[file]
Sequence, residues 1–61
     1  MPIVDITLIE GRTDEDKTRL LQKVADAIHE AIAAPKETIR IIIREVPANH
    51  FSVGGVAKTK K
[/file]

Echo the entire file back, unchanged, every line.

Sequence, residues 1–61
     1  MPIVDITLIE GRTDEDKTRL LQKVADAIHE AIAAPKETIR IIIREVPANH
    51  FSVGGVAKTK K